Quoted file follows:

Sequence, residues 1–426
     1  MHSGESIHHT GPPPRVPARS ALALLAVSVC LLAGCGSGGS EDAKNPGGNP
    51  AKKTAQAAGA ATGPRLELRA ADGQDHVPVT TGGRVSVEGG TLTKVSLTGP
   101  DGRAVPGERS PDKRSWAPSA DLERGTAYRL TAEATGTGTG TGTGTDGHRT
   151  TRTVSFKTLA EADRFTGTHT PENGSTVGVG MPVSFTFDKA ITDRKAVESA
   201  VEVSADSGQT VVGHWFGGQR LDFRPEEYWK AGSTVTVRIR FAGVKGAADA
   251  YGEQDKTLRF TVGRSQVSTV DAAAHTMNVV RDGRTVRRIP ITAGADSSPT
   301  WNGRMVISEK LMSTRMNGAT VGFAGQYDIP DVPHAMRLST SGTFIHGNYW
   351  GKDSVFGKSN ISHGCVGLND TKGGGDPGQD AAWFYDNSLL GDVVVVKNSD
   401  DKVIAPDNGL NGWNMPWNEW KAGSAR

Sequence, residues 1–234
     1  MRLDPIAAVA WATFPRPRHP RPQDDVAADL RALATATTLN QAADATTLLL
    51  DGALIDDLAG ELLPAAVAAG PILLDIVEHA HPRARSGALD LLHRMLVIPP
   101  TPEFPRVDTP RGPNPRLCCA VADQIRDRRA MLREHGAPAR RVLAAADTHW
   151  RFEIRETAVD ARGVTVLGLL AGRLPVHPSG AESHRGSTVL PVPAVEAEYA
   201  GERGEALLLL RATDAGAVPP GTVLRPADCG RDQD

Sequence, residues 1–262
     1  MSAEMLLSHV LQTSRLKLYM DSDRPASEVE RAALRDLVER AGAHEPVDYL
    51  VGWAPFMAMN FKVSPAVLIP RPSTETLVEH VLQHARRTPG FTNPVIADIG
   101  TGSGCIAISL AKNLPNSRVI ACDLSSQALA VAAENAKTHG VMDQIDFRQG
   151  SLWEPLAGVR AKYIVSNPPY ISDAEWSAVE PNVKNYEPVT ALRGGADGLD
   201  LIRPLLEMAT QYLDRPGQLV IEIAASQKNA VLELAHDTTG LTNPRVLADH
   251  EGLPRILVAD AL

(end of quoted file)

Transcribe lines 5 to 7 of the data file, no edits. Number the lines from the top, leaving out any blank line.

   151  TRTVSFKTLA EADRFTGTHT PENGSTVGVG MPVSFTFDKA ITDRKAVESA
   201  VEVSADSGQT VVGHWFGGQR LDFRPEEYWK AGSTVTVRIR FAGVKGAADA
   251  YGEQDKTLRF TVGRSQVSTV DAAAHTMNVV RDGRTVRRIP ITAGADSSPT